Cinematic franchises are prone to being unoriginal, uninspired, and most importantly, in high demand. But while there’s an abundance of mediocre sequels and prequels - Men In Black III being the most recent example - quality is often scarce.
Mark Madagascar 3: Europe’s Most Wanted as a film that proves the be the exception to the rule of lackluster sequels. It’s a keen, creative, and unique entry into this family friendly milieu that had (up until this point) been mostly disposable. The movie contains elements (ranging from an enjoyably bizarre antagonist to light humor to thrilling chase sequences) that will appeal to both children and adults.
In what should be the concluding film of the trilogy, our four friendly animals – Alex the lion (voiced by Ben Stiller), Marty the zebra (Chris Rock), Melman the giraffe (David Schwimmer), and Gloria the hippo (Jada Pinkett Smith) – are determined to get back to their cozy zoo in New York City.
The only issue is that they’re stranded in Africa. Their last thread of hope of getting back to the Big Apple is a trip to Monte Carlo, where they’ll meet with some old penguin friends and attempt to hitch a ride back to the States by joining a broken-down traveling circus.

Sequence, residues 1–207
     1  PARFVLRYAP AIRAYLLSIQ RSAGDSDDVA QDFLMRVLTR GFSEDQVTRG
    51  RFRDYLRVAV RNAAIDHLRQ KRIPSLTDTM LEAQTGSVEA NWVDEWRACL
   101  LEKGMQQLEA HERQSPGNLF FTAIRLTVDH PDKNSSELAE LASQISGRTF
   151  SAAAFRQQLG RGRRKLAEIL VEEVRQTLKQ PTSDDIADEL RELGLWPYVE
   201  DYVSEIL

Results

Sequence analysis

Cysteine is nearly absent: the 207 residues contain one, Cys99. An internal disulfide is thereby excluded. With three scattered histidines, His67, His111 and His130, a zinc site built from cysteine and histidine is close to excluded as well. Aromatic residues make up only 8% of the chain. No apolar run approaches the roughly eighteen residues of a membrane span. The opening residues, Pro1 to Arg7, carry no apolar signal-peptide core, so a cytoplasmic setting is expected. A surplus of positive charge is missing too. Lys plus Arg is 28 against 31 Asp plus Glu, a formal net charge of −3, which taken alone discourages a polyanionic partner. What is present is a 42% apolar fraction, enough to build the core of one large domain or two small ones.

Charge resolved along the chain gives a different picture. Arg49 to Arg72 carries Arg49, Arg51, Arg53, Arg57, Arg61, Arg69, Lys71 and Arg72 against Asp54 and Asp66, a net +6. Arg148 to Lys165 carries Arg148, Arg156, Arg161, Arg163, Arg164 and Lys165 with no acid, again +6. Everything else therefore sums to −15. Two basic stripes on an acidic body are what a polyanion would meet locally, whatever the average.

As one may expect (considering you’ve read the title of this film), their departure doesn’t going according to plan when malevolent animal control Captain Chantel DuBois (Frances McDormand) goes through extraordinary measures to make sure these four animals never reach home.
On the run from DuBois – who almost singlehandedly makes this film worth viewing – it’s the friendship between these four animals that keep us involved. Each animal evolves in one way or another, while comically playing off each other.
The film’s 3D animation is put to good use in each of the equally surprisingly satisfying action sequences. Especially during a couple scenes that include a race through the streets of Monaco and a climactic stand off and battle through the beautifully imagined skyline of New York City.
Madagascar 3 pulls out all the works. Indie film naturalist Noah Baumbach pens a screenplay with genuine wit. Maddeningly brilliant composer Hans Zimmer (he composed Inception, The Dark Knight, and Lion King) hits notes of happiness and sadness. And directors Eric Darnell, Tom McGrath, and Conrad Vermon deliver a wholly satisfying finale that is visually constructed with exuberance.
Most of all though, the film has a message worth grasping: Sometimes it takes a departure from your comfort zone to truly understand what you have in life and what’s important to you.